It was a significant opportunity to expand the CC network and make contact with speakers with a view to bringing them over to events in the North Sea Region.
It is a major industry festival that focuses on three areas: Film, Music and Interactive.
So there’s a large film festival, an equally large music festival and an interactive conference. In addition, major digital brands like Google, Facebook and Netflix are all there with exhibition stands a bunch of speakers, gigs and digital experiences.
Brands love SXSW. It’s use as a brilliant forum by Amazon Prime and others with big budgets to launch TV series. It’s also used to put the spotlight on unique and innovative collaborations like the Red Cross with cult and hugely popular, fantasy TV drama series Game Of Thrones to collect blood donors.
In addition to being just a huge jumble of impressions and events, SXSW is a great way pick up industry knowledge and intelligence with insight on the emerging media landscape.
In particular, four major trends broke through on the Interactive track.
Trend 1: Human-Centred, Human-centric, and Ethics
One of the biggest trends at SXSW dealt with ethics in a digital perspective, focusing on man and not technology. With buzzwords such as AI, machine learning and data storage and resale as prevailing in the technology starry sky, at SXSW there was a desire to turn our attention to greater ethical considerations and human focus.
This became especially evident during former adviser to Mark Zuckerberg, Roger McNamee's talk on Facebook and Google's use of people's data. Instead of selling our everyone's data to the highest bidder, both companies have the opportunity to help us with the vast amount of knowledge they possess. A large number of policy makers and politicians are ready to place high demands on the tech giants so that profit-seeking companies do not decide in the future in our shared online world.
And no, the robots do not come and take over world domination: AI (artificial intelligence) and machine learning were spoken by several speakers in a completely different direction than the horror scenario that sometimes controls the media image.
Trend 2: Augmented Reality
Development of AR was in many ways everywhere on SXSW and was in great style 'the talk of the town'. There were many references to Pokémon GO in particular, though everyone who mentioned it seemed tired of continuing to use that example.
Exactly Pokémon GO is an example of place-based AR, which is a much debated topic within AR right now - creating smart solutions that connect to a specific place and are the starting point for the solution. The possibilities are many, but the strong solutions are few. This is what the author Charlie Fink, who is behind several books on 'convergence', pointed out in his talk. According to him, there is still a long way to go before the smart technologies are so smart that they can be commercialized.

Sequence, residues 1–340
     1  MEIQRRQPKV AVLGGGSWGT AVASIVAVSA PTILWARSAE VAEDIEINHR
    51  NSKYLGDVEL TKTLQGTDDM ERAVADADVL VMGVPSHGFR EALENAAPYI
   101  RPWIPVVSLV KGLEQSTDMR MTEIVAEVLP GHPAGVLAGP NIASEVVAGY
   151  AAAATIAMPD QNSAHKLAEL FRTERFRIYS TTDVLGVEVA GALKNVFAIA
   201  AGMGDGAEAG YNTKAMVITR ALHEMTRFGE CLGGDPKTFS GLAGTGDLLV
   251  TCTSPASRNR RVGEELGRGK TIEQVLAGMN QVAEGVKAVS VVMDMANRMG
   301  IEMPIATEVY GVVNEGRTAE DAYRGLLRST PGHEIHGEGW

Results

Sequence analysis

For him, it's about "technology succeeds when it makes what we're already doing, better, cheaper, and faster" - a place we haven't come to yet with AR. Charlie Fink's publications are highly recommended if you want qualified guesses as to what our digital future will contain.
Trend 3: Are we ready for it at all?
The buzz word above them all at this year's SXSW was 5G. The smart technology that will make our mobile internet even faster and which offers huge opportunities to create real-time update solutions. But there is a long way to go before it can actually be done.
To refer to Charlie Fink again, for example, he described how technology right now would in no way work in Manhattan. 5G cannot penetrate buildings with steel without having amplifiers installed. A little detail that not many people are aware of.
Trend 4: Female empowerment and #metoo
Although #metoo has some years in the field, the topic is more in focus than ever in the tech and media industry in the United States in particular, and was one of the big themes at SXSW. Where the #metoo wave has subsided in Denmark, it is, if possible, greater than ever before in the US, if one is to judge by the official program at SXSW. The focus is on creating a culture where women are worth as much as men and whose words are weighted just as much as those of male colleagues.
It was largely addressed in talks by, among others, Susan Fowler , the woman who opposed the tech giant Uber , Allison Yarrow, the author of the bestseller "90's Bitch" and the young politician, Alexandria Ocasio-Cortez .
Being at SXSW and gaining knowledge and inspiration helped Filmby Aarhus and CC get up to date with the latest trends, hook up with an international network and raise the profile of CC and the North Sea Region as well as supplying links for us to help companies and freelancers.